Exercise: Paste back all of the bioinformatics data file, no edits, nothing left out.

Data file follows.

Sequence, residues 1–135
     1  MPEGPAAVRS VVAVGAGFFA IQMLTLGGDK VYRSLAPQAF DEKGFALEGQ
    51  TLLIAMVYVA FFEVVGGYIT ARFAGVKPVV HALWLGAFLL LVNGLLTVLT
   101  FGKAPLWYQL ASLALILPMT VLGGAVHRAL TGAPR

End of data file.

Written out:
Sequence, residues 1–135
     1  MPEGPAAVRS VVAVGAGFFA IQMLTLGGDK VYRSLAPQAF DEKGFALEGQ
    51  TLLIAMVYVA FFEVVGGYIT ARFAGVKPVV HALWLGAFLL LVNGLLTVLT
   101  FGKAPLWYQL ASLALILPMT VLGGAVHRAL TGAPR